A Sedentary Profession
Category: Law Enforcement
Gordon Graham here with Today’s Tip from Lexipol. And Today’s Tip deals with police work being a sedentary profession.
Although we may view the job as a high-activity profession, it generally involves long periods of little activity with bursts of energy.
Would you consider police work as an ‘active’ profession? Running after and physically struggling with bad guys? What words would you associate with the job? Action? Excitement? Running, walking, moving? But how about sedentary; a word used to characterize very little movement or expenditure of energy.
According to a 2014 research project outlined in the Journal of Occupational and Environmental Medicine entitled, “Physical Activity in Police Beyond Self-Report”, we should become familiar with this term. Failing to do so could have deadly consequences. This study is “the first time physical activity in police had been directly measured, rather than relying on surveys”.
According to the study, police work is primarily sedentary and that officers typically burn only as many calories as it takes for someone sitting while holding a baby or washing dishes. Although we may view the job as a high-activity profession, it generally involves long periods of little activity with bursts of energy.
Not moving is a bad thing. It is associated with all sorts of health risks including cardiovascular disease. Obesity falls into the risk category as well, along with a bunch of other conditions that accompany it such as high-blood pressure and diabetes. When we go from being sedentary to active in an instant, such as during a sudden assault, we put added stress on our bodies that can result heart attacks. Cops die every year in the line-of-duty from cardiac arrest. Combine the sedentary nature of our jobs with other risk factors- excessive drinking, smoking, stress, poor eating habits and a lack of exercise- you get a recipe for disaster. In essence, we’re setting ourselves up for failure.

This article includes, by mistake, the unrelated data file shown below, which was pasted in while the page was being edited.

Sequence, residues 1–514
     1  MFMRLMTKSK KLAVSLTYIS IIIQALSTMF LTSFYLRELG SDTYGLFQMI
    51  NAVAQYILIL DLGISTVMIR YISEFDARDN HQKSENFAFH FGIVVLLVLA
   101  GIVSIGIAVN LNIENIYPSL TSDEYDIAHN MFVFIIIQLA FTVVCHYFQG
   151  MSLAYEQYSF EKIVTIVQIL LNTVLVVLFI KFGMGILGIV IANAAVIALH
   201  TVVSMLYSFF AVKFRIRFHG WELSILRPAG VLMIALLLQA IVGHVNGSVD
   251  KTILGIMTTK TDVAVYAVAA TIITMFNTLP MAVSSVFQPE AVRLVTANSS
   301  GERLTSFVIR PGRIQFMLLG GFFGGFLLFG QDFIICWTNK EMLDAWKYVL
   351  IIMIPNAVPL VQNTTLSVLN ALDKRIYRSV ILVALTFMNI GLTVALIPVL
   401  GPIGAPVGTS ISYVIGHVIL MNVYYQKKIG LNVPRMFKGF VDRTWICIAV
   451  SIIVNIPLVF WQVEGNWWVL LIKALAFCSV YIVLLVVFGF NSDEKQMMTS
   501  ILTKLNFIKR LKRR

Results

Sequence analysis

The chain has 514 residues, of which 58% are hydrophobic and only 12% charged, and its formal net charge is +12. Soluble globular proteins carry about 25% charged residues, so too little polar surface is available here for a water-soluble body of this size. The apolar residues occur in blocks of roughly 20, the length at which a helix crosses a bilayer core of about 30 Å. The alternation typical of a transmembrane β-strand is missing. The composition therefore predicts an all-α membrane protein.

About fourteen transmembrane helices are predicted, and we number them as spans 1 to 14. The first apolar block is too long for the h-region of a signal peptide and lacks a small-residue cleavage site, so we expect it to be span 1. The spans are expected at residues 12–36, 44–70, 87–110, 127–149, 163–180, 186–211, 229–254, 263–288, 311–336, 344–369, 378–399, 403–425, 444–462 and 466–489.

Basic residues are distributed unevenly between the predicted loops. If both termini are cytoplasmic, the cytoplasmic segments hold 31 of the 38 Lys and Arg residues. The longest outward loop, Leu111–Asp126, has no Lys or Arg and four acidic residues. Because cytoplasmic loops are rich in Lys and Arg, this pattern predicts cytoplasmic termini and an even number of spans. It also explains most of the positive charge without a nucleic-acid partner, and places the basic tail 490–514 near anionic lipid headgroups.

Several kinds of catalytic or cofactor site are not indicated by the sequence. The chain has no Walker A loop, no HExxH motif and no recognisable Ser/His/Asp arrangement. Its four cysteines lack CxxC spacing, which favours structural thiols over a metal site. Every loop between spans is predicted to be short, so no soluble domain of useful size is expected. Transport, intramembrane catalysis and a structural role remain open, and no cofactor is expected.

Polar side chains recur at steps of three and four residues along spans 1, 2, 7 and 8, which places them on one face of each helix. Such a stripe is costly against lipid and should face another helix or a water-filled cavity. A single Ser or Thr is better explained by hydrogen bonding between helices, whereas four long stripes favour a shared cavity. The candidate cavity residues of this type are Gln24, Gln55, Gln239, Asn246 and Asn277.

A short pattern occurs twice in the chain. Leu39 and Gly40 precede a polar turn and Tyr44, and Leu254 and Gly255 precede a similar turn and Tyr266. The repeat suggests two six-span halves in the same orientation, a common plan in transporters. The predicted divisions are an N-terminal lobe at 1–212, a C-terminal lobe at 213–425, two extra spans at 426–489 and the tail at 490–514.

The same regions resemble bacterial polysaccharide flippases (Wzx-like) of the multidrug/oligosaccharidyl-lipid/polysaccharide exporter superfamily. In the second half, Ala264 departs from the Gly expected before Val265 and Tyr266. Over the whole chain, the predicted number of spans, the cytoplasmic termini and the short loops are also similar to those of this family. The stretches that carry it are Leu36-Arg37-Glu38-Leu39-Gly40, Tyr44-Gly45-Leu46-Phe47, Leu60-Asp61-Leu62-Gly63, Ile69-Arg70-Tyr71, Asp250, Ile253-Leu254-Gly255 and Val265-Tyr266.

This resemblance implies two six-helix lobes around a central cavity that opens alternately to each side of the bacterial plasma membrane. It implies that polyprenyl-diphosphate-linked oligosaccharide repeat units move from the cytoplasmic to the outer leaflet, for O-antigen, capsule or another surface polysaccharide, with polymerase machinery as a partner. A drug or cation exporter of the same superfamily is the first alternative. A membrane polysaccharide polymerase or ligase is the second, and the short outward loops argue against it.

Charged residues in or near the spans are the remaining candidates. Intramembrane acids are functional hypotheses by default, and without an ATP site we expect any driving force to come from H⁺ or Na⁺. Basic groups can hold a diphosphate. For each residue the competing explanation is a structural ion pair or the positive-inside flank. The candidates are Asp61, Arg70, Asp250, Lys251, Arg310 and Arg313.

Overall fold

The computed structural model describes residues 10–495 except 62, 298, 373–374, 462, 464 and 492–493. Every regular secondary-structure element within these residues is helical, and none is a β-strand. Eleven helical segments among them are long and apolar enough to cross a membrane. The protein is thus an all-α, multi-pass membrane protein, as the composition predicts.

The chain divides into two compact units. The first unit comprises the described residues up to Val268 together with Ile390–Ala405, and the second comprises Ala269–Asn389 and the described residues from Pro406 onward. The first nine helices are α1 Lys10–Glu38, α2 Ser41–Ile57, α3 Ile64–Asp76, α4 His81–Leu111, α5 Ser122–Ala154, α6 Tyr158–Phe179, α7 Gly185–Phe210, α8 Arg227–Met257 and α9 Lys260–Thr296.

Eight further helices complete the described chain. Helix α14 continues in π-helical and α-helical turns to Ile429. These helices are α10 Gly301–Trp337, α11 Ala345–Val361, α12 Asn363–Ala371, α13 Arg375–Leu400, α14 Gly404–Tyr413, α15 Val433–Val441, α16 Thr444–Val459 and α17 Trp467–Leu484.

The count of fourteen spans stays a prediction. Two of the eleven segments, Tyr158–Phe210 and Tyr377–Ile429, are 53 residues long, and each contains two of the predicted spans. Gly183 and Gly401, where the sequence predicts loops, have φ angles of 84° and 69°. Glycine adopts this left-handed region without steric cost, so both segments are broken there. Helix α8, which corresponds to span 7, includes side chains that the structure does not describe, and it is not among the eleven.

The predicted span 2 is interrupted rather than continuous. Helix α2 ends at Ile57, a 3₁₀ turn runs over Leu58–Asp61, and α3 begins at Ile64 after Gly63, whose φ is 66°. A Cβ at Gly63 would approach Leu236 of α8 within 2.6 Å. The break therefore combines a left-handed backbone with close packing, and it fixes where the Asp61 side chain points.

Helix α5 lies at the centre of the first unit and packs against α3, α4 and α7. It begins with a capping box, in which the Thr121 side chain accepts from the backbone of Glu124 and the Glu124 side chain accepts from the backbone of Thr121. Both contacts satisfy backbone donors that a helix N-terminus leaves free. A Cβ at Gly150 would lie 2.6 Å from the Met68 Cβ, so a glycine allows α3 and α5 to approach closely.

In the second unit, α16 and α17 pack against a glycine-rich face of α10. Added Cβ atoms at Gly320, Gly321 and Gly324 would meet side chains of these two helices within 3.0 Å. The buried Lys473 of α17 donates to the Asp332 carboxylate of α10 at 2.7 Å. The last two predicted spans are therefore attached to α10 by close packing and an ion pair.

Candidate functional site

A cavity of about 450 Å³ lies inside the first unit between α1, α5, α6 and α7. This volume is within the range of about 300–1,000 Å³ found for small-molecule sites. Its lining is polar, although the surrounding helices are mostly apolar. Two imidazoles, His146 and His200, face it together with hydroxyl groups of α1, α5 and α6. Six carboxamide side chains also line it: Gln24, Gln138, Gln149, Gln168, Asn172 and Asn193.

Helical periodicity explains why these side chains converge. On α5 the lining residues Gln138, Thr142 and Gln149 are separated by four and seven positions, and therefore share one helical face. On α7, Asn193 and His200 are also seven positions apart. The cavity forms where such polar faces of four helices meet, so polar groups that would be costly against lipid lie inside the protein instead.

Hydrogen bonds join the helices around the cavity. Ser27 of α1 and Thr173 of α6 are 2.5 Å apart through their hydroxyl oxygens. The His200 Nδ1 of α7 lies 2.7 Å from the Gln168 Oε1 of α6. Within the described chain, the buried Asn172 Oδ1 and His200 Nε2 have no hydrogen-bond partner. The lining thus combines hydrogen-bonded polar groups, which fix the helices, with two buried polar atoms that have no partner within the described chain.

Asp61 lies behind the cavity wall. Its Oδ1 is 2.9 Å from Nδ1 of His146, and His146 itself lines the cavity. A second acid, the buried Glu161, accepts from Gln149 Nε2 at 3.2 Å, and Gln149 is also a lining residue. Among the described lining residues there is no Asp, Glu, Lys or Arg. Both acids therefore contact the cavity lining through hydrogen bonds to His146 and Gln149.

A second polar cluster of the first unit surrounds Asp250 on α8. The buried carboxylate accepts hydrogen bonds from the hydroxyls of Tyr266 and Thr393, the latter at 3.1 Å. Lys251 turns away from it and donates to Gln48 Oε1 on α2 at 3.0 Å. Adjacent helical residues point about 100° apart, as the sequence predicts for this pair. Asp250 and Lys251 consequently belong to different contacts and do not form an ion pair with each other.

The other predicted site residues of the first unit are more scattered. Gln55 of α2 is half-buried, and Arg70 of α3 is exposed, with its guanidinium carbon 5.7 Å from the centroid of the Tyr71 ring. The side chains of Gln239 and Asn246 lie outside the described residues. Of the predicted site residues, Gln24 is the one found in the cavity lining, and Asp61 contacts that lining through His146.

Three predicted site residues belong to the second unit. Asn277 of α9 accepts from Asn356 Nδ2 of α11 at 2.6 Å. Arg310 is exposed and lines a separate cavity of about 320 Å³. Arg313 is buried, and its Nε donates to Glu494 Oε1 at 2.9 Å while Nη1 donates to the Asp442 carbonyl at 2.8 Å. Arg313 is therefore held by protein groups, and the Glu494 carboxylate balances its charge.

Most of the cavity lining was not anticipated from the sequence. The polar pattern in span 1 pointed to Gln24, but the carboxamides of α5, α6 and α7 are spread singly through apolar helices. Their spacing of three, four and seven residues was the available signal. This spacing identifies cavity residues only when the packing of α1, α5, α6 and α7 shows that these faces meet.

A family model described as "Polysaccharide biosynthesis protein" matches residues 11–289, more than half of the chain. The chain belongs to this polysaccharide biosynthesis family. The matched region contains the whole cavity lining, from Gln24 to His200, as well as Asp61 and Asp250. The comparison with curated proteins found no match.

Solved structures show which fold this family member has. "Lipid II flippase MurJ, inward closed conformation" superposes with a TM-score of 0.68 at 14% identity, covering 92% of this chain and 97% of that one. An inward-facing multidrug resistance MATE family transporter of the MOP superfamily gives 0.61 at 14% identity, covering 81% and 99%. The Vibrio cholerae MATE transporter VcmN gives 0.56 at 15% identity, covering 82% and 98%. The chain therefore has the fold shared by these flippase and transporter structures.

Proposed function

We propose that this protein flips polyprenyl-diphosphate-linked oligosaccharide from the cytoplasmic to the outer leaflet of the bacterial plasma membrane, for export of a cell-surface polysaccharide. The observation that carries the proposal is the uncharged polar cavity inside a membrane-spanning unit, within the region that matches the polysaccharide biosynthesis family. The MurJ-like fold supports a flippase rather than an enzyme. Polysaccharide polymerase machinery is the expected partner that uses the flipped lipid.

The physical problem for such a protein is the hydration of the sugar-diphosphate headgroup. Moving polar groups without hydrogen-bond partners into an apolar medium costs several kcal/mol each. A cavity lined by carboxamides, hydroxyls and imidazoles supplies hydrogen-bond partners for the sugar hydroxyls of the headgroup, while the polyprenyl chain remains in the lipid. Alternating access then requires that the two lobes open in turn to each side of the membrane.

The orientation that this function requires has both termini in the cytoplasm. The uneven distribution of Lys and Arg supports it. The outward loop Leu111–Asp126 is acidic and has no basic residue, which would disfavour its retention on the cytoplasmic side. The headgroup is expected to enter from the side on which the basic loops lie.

OK, the job is sedentary. What can we do about it? This is just one more reason to develop good off-duty exercise habits. Even on-duty, you can walk instead of driving short distances; take the stairs instead of the elevator. Get out from behind that desk or the wheel for a few minutes every hour to stretch and move. Don’t be sedentary, if even if the job is.
And that is Today’s Tip from Lexipol. Gordon Graham signing off.